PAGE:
Andiron

Pair of andirons. Each comprising two goats with forelegs balancing on central urn and with grapes in their ouths; a thyrsus with pinecone finial extending vertically between them. The base decorated with gilt-bronze relief of cupids and grape vines against an enamel ground.

This andiron (one of a pair in the Museum’s collection) evokes the splendors of prerevolutionary France. It is made of bronze, coated with a thin layer of gold, a process involving the application of mercury that burned off in the firing, unwittingly exposing workers to the deadly effects of this toxic element.

The refined technique of the andirons suggests that they are the work of Thomire, a prominent French bronzeworker. However, they may well represent the collaborative effort of many individual specialists in modeling, casting, chiseling, and gilding. The design features goats eating grapes from a basket, while below them, against a background originally covered with blue enamel, two cherubs shear a ram. The andirons may have been made for the Hameau, Queen Marie Antoinette’s self-consciously rustic farm.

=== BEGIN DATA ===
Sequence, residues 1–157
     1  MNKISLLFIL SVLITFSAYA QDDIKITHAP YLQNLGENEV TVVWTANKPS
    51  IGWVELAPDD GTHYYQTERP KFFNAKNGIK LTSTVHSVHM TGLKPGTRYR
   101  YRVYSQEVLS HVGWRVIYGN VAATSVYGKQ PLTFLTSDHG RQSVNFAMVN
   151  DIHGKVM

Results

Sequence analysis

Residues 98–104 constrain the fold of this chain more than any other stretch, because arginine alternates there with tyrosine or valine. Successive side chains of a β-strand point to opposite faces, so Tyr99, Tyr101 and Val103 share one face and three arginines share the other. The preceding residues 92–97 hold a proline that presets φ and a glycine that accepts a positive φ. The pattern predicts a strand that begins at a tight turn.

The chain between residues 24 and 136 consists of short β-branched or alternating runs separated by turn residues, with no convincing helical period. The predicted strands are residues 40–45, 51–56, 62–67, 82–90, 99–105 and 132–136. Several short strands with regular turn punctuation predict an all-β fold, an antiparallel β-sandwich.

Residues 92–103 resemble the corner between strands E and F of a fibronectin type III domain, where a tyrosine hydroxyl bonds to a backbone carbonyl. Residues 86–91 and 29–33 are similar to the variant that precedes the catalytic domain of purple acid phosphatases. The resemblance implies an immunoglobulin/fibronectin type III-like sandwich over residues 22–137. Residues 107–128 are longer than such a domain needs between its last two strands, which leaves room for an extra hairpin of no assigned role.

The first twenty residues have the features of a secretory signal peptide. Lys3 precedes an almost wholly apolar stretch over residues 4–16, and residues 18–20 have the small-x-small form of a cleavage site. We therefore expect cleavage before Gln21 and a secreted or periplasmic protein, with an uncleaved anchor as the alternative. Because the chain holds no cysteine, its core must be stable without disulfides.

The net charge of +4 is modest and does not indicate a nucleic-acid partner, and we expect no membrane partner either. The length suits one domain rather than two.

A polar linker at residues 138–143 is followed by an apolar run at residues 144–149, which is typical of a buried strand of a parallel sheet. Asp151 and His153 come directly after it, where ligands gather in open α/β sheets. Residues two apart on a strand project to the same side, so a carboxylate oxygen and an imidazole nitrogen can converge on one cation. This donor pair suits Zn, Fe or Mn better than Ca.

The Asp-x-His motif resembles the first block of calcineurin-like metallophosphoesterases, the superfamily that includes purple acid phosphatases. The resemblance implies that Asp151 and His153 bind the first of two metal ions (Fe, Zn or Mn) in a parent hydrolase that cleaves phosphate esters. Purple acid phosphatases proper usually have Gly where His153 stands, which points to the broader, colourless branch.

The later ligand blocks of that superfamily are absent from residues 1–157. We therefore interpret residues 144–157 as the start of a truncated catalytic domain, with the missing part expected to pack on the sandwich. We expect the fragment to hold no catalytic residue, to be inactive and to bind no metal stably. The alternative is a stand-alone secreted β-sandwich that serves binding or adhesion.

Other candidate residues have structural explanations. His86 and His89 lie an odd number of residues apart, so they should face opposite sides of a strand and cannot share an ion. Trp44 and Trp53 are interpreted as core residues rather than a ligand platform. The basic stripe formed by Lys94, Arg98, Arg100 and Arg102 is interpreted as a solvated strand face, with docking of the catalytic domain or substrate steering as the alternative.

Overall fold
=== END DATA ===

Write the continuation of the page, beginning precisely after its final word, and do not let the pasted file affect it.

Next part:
Provenance

By 1788, in the dining room of the Queen's House, part of the Hameau (Hamlet) of Marie-Antoinette, near the Château of Versailles; September 30, 1793, sold as part of the contents of the Château of Versailles, lot no. 2354, and bought by Rocheux, dealer. 1794-1796, probably acquired in Paris by James Swan, Boston, MA [see note 1]; after 1796, with his wife Hepzibah Clark Swan (d. 1825), Dorchester, MA; 1825, after her death, by inheritance to their daughter, Mrs. John C. Howard; by inheritance to her granddaughter, Miss Elizabeth Howard Bartol; 1927, bequeathed by Miss Elizabeth Howard Bartol. (Accession date: September 8, 1927)



NOTES:

[1] James Swan was a merchant established in Paris, and was appointed an official agent for the purchase of supplies in the United States in 1794 by the French Government. His partner was Johann-Caspar Schweizer, a Swiss. According to Howard Rice, the French Government placed at his disposal luxury goods to be exchanged in America for food supplies and war materials. The Swan and Schweizer agency shipped these articles to the United States between 1794-1795, where much of it was sold. However, this piece was among those that Swan kept for his personal use. See H. Rice "James Swan, Agent of the French Republic 1794-1796" The New England Quarterly, Vol. X, No. 3, Sept. 1937, p. 464-486.

Credit Line

Bequest of Miss Elizabeth Howard Bartol

Andiron

Paris, France
Dimensions
Height of each andiron: 48.3 cm (19 in.)
Medium or Technique
Gilt bronze, silver-plated copper plaque decorated with oil-based paint containing Prussian blue pigment
Classification
Metalwork
Accession Number
27.521.1-2
Not on view

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